Business Email Compromises
Sensitive business emails are a top target for hackers. Real emails might be mined for valuable information and fake emails can be fabricated to manipulate a company’s image or staff. Business email compromises are usually facilitated by other kinds of attack, such as phishing. As is the general trend, these kinds of attacks have also grown in both frequency and severity. According to the ACSC’s annual cyber threat report for 2020-21, the average cost of such an attack has grown to $50,600 – an increase of more than 150 percent compared with the previous year. You can also learn more about Business Email Compromise from our whitepaper here.
What Can You Do About Social Engineering?
Because social engineering attacks depend on you – or some other legitimate party – unwittingly handing over the keys to the kingdom, vigilance is the only answer. The ACSC has several tips for avoiding these attacks. Some of the golden principles include:
- Avoid interacting with your accounts via email links
- Do not interact with emails from unknown sources
- Knowing that legitimate emails will address you by name
- Keeping in mind that banks and similar institutions will not ask you to enter your password or financial information via email.
Supply chain breaches represent a special case because they depend on actors over whom you do not have direct control. For more information review this guide to supply chain breaches.
Software Exploits – When The Bits Have A Poisonous Bite
Software exploits are coding flaws in software that allow hackers to gain access to closed systems. Because these “backdoors” are written into widely used software, they are fiendishly difficult for end-users to address. The best defence against software vulnerabilities is, however, surprisingly simple: update your software regularly. As the ACSC recommends, this generally involves three steps: 1, regularly updating operating systems; 2, installing software updates as soon as you are notified of them by the software’s publisher; and, 3, regularly backing up your business data.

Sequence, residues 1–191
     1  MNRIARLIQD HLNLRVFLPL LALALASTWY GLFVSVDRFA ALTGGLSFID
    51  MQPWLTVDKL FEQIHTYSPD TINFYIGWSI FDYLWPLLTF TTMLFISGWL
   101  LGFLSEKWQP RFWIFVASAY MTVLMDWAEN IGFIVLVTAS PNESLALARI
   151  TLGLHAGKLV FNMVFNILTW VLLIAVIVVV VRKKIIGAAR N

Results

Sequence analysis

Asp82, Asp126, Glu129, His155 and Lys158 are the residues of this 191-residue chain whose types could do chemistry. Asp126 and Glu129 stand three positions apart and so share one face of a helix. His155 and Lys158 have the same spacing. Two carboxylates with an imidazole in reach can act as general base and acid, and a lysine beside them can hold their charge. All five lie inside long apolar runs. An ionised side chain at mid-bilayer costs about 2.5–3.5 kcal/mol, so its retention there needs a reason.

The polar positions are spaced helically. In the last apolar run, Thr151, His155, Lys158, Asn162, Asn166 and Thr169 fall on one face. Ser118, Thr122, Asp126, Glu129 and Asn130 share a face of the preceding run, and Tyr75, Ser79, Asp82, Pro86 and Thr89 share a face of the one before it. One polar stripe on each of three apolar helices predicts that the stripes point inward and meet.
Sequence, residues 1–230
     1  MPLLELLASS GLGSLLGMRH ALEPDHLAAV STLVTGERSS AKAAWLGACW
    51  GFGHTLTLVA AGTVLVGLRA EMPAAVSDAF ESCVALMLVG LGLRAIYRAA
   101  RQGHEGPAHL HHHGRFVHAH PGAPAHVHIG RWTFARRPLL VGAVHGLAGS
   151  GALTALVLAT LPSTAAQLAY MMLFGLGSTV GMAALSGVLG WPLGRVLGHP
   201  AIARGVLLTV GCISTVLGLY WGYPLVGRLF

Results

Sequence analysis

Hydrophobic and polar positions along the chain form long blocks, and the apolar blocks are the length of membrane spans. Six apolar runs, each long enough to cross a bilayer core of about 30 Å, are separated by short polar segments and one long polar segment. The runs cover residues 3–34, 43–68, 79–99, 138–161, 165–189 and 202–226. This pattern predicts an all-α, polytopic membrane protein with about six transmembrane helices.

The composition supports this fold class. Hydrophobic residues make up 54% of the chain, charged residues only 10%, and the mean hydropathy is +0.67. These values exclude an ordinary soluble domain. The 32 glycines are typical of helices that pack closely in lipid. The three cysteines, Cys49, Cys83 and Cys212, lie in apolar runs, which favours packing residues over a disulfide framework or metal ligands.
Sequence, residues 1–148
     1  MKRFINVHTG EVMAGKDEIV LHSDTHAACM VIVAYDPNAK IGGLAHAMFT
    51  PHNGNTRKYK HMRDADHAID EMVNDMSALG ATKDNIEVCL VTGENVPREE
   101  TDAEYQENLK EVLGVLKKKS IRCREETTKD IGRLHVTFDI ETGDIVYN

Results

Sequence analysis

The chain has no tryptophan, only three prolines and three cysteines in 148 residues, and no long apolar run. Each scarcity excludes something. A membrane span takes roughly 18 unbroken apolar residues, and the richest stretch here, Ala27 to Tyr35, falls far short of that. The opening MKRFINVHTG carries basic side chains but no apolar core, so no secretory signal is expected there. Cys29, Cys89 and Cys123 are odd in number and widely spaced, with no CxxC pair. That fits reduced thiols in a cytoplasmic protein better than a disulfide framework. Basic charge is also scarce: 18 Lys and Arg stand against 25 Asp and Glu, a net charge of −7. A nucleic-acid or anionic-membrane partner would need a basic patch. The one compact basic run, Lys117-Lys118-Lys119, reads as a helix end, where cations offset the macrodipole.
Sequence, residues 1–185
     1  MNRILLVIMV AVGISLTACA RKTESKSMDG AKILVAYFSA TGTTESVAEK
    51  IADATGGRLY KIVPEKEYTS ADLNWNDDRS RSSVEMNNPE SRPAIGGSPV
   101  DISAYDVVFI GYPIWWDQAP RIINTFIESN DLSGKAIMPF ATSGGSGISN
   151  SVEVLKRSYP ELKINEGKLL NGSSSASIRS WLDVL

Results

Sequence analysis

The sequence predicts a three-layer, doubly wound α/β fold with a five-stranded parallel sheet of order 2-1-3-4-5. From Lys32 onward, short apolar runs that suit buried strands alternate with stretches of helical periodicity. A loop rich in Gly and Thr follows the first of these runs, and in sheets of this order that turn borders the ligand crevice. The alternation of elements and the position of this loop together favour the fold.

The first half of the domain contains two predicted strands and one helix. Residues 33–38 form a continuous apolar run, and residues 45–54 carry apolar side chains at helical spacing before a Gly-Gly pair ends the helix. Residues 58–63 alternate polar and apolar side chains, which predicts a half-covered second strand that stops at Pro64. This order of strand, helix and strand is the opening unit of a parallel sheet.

Malware – Computer Programs With A Nasty Streak
The next category of cybersecurity threat is malware. A compound word, it is short for “malicious software”. The many forms of malware range in form and intent, the most common are:
- Viruses and worms
Some kinds of malware are purely for digital vandalism – the aim is simply to disrupt your systems. Other kinds are more insidious, giving the operator access to your system, after which they can siphon off information, take control altogether, or use your network to augment their own computing power. Let’s look closer.
Viruses and Worms
This category comprises programs that are intended to sabotage or disrupt a computer by way of malicious code. Both are self-replicating and designed to spread to other computers. Even when a worm or virus is not innately destructive, it can cause substantial issues by consuming processing power and bandwidth.
Closely related to worms, botnets are systems that infect a network of computers to perform tasks for the program’s owner. Like worms, they aim to spread to as many computers as possible by scanning across a network looking for exploitable software. When they install themselves, botnets monitor the system for valuable information or appropriate processing power for high-demand uses. Once infected, your computer could be used in brute-force attacks or even be pressed into service to illegally mine cryptocurrency.
Ransomware is a relatively recent form of malware that is used by hackers to blackmail businesses and individuals. Once the software is installed, the attackers can then lock you out of your files. A ransom demand for the safe return of your data will soon follow. Although victims are often individuals, even major tech companies are vulnerable. In 2020, Garmin is believed to have paid $10 million after a ransomware attack.
What Can You Do About Malware?
Malware can be installed in three main ways:
- Via social engineering that tricks you into installing it yourself
- Piggybacking on other software (i.e. trojan horses)
- Security exploits – either manually or by a botnet.
Each of these approaches requires a different counter-tactic. In order to avoid social engineering, you must remain wary of links, software, and files from unknown sources. To prevent installations from outside sources, keeping your cybersecurity systems up to date is the best answer. Meanwhile, regularly backing up business data and separating copies from your primary systems will reduce the effectiveness of ransomware attacks.
How Can You Stay Informed About Cybersecurity Developments?
Remaining informed and up to date is the first step to strong cybersecurity. Software providers will usually issue alerts and updates in response to known issues, but a range of other sources is also available. Government agencies, such as the ACSC or the NCSC, maintain information pages outlining the latest threats. In addition, news outlets that focus on cybersecurity can keep you abreast of new trends and developments.
Constantly researching cybercrime may not sound like your idea of fun, and fair enough. Consider talking to the experts to make sure your concerns are addressed. Internet 2.0 is managed by a team of ex-military and ex-intelligence specialists who make it their business to understand and address the latest threats. Contact Internet 2.0 to have a confidential discussion about how to “set and forget” your cybersecurity.